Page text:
Angels confirm key part of their plan to build around Shohei Ohtani

In an effort to keep Shohei Ohtani on the once-a-week pitching regimen he used in Japan, the Angels will open the season with six starting pitchers.
(Ben Margot / AP)
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Tyler Skaggs reported for spring training on Tuesday having “no clue whatsoever” about whether the Angels would employ a six-man rotation to accommodate Shohei Ohtani, the 23-year-old Japanese star who aspires to be baseball’s best two-way player since Babe Ruth.

The left-hander was not in the dark for long.

A few hours later in Tempe Diablo Stadium, before a gathering of about 70 reporters and photographers — most from Japanese media outlets — manager Mike Scioscia confirmed what has been suspected for months: The Angels, in an effort to keep Ohtani on the once-a-week pitching regimen he used in Japan, will open the season with six starting pitchers.

“We’re gonna be flexible, but right now that’s how we’re gonna map things out,” Scioscia said. “With a six-man, it will take a little bit of the burden off guys to have to bounce back. It will not only pay dividends for Shohei but for the rest of our staff to hopefully keep them effective and strong through the whole season.”


Pitchers will have to adjust their between-starts routine. Do they use the extra day to rest, work out or add a light bullpen session? They’ll have all spring to iron out the details. The most important thing is they all appear to be on board with the idea, which is not surprising.

Five starters — Garrett Richards, Andrew Heaney, Matt Shoemaker, Skaggs and Nick Tropeano — missed significant chunks of the last two seasons because of injuries, and J.C. Ramirez underwent stem-cell therapy last September to repair a damaged elbow ligament.

“If it’s a way for everybody to stay healthy and we can win ballgames, then I’m all for it,” said Richards, who was limited by elbow and biceps injuries to six starts each of the last two seasons. “Theoretically, you would think an extra day of rest would be a beneficial thing.”

The reduced workload and extra time between starts won’t necessarily push Scioscia to extend their pitch counts.

“When a pitcher is done in a game, he’s finished, and you do not want to put a pitcher at risk at any time,” Scioscia said. “We’ll look at it very closely. We have some ranges where we know when their stuff starts to deteriorate, maybe they come out of their mechanics and they’re starting to stress their arm.

“But for our whole pitching staff to work, our starters are going to have to carry that torch 18, 19, 20 outs into a game. That’s gonna be really important to keep our bullpen where we need it.”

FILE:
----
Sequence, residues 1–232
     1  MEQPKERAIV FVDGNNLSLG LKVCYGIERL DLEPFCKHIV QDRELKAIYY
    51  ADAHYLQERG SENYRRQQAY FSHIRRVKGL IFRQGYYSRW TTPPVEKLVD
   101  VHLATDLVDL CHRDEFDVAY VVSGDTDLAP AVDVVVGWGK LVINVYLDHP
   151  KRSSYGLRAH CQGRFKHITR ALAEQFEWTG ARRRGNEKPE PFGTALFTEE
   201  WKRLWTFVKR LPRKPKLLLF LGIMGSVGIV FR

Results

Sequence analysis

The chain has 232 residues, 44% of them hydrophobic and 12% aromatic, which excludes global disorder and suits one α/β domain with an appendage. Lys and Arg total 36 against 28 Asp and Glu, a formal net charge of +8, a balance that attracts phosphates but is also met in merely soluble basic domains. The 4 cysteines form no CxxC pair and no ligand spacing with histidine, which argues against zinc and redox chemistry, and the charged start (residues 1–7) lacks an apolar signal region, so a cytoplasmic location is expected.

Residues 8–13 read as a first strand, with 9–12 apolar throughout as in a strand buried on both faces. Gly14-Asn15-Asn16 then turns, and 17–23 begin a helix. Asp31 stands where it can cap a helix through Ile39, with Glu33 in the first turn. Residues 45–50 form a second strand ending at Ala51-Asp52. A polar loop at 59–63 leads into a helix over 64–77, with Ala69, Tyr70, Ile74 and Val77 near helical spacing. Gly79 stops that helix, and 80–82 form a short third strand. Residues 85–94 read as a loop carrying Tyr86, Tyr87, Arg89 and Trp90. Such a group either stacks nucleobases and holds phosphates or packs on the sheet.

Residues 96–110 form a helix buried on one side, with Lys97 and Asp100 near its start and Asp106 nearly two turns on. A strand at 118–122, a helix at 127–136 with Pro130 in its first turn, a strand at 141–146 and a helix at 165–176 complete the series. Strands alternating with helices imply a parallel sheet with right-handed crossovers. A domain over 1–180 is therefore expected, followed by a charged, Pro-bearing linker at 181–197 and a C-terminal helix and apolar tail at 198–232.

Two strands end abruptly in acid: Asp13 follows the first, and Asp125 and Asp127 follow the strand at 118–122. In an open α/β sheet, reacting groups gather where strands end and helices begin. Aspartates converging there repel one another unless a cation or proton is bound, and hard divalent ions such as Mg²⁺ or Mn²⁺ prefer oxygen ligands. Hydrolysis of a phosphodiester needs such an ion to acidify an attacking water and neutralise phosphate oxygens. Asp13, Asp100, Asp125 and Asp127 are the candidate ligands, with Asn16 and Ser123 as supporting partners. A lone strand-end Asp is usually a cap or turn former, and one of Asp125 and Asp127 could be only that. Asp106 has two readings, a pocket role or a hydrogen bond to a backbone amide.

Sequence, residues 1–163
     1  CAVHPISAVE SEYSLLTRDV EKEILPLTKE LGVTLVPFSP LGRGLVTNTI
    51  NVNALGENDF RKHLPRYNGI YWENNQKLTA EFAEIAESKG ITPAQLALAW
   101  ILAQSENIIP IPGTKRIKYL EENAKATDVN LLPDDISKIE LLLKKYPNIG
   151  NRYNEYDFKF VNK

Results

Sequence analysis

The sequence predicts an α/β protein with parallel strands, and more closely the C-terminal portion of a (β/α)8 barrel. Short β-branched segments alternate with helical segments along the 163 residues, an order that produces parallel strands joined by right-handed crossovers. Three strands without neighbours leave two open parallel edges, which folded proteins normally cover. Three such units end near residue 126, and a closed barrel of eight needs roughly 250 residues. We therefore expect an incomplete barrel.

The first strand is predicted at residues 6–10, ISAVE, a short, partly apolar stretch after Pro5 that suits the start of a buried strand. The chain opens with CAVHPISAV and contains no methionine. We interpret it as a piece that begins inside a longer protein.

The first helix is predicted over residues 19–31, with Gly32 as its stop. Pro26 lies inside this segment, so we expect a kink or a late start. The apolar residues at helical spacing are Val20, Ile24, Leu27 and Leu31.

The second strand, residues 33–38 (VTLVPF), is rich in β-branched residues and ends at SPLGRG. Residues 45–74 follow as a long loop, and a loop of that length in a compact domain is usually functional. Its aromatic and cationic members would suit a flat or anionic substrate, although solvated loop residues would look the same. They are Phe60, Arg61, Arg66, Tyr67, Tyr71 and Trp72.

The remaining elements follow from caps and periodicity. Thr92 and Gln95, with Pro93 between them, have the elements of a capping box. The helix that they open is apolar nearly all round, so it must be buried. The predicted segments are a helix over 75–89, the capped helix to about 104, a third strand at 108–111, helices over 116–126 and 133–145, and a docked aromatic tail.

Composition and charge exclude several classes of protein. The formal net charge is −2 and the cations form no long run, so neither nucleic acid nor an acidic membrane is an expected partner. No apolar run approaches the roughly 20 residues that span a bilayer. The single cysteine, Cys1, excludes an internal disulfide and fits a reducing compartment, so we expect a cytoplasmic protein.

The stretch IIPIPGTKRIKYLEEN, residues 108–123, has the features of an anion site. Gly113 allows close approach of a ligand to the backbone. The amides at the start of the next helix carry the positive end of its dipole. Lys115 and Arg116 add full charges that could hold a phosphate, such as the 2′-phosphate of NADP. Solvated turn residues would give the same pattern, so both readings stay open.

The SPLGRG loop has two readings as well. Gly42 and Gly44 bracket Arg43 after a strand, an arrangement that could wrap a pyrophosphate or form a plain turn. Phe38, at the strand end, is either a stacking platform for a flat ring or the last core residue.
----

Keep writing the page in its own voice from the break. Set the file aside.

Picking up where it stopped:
Last season the Angels’ starting pitching ranked sixth in the American League in ERA, seventh in opponents’ batting average, 10th in innings pitched and 14th in wins, with only one complete game.

Pitchers and catchers begin formal workouts Wednesday, but several Angels including Ohtani ave been working out at the complex for at least a week, giving Ohtani a chance to acclimate to his new team and the Angels a chance to get to know their new teammate.

“He’s phenomenal,” Shoemaker said. “You see him throw a bullpen and how hard he throws, and then to see him effortlessly swing and see the ball jump off his bat is kind of crazy. It’s exciting.”

The Angels also got their first taste of Ohtani-mania on Tuesday. Media members began congregating by the entrance to the players parking lot at 7 a.m., a full five hours before Ohtani got to the stadium after undergoing a physical.

The media throng grew to about 70 by the time Ohtani took some swings in the batting cage and played long toss in the early afternoon. Most years there are four or five writers on hand to speak to Scioscia on reporting day. The manager used a hand-held microphone and amplifier to address the media Tuesday.

“It’s definitely different for camp,” Skaggs said. “I’ve never see this many media people here, but at the same time, I think it brings a little more excitement, a little more buzz to the season and will make us play that much harder.”


Ohtani’s spring-training workload will be a little longer than most pitchers’, but after general manager Billy Eppler traveled to Japan in January to consult with Ohtani’s former coaches and trainers, the Angels feel they have a good idea how much he can handle.

“You can’t miss any steps,” Scioscia said. “He’ll have to do his fundamentals as a pitcher and throw quality bullpens to prepare for spring games. He’ll have to run the bases and hit from the offensive end. There will be a little more detail he’ll have to pay attention to … but it shouldn’t be anything he hasn’t done before.”

The Angels hope the left-handed-hitting Ohtani will be able to start two or three games a week at designated hitter, but with his 100-mph fastball and vast assortment of breaking pitches, including a split-fingered fastball, Ohtani’s greatest impact probably will be on the mound.

“He’s probably going to influence our team more as a pitcher,” Scioscia said, “but that’s not to say he’s not going to have a chance to make a difference on the offensive end, too.”